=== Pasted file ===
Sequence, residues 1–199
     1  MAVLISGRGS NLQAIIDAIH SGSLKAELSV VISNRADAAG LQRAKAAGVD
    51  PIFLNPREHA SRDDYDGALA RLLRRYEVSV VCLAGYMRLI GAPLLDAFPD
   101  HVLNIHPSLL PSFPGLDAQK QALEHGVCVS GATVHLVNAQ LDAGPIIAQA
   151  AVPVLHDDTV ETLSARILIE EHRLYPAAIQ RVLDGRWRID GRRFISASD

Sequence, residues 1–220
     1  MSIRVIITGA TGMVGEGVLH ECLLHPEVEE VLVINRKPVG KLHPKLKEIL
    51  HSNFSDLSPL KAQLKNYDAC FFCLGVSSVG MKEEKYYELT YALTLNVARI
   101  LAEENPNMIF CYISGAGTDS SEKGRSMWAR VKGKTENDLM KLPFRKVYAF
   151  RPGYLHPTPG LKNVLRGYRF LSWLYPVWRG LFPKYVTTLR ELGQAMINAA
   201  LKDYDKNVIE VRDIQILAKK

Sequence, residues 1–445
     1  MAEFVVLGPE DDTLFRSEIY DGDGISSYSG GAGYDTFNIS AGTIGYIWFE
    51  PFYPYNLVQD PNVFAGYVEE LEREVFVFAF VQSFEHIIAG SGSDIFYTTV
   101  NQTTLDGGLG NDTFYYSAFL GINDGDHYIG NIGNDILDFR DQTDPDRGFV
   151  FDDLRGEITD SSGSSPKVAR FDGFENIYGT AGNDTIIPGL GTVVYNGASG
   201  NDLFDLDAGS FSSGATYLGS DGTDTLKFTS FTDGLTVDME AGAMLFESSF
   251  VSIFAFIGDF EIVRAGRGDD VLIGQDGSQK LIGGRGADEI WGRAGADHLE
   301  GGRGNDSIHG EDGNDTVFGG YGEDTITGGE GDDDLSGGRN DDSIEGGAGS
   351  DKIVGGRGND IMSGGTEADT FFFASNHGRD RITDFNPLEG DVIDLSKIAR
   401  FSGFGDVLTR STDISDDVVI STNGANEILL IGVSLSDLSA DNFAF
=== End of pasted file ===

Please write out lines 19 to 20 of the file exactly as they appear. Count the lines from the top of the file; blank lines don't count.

   301  GGRGNDSIHG EDGNDTVFGG YGEDTITGGE GDDDLSGGRN DDSIEGGAGS
   351  DKIVGGRGND IMSGGTEADT FFFASNHGRD RITDFNPLEG DVIDLSKIAR